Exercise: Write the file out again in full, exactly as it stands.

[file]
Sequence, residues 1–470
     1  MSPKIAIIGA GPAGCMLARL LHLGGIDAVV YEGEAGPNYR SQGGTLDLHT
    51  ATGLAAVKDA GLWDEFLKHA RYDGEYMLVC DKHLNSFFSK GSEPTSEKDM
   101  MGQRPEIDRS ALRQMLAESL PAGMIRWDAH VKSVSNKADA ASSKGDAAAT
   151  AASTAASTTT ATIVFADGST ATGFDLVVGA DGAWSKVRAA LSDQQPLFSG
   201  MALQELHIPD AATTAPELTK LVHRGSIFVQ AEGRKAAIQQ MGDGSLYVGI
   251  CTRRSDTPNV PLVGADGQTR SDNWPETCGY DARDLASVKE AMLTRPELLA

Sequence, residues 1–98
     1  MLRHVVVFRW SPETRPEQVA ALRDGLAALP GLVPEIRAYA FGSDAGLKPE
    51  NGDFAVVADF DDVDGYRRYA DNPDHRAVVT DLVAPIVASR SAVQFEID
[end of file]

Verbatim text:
Sequence, residues 1–470
     1  MSPKIAIIGA GPAGCMLARL LHLGGIDAVV YEGEAGPNYR SQGGTLDLHT
    51  ATGLAAVKDA GLWDEFLKHA RYDGEYMLVC DKHLNSFFSK GSEPTSEKDM
   101  MGQRPEIDRS ALRQMLAESL PAGMIRWDAH VKSVSNKADA ASSKGDAAAT
   151  AASTAASTTT ATIVFADGST ATGFDLVVGA DGAWSKVRAA LSDQQPLFSG
   201  MALQELHIPD AATTAPELTK LVHRGSIFVQ AEGRKAAIQQ MGDGSLYVGI
   251  CTRRSDTPNV PLVGADGQTR SDNWPETCGY DARDLASVKE AMLTRPELLA

Sequence, residues 1–98
     1  MLRHVVVFRW SPETRPEQVA ALRDGLAALP GLVPEIRAYA FGSDAGLKPE
    51  NGDFAVVADF DDVDGYRRYA DNPDHRAVVT DLVAPIVASR SAVQFEID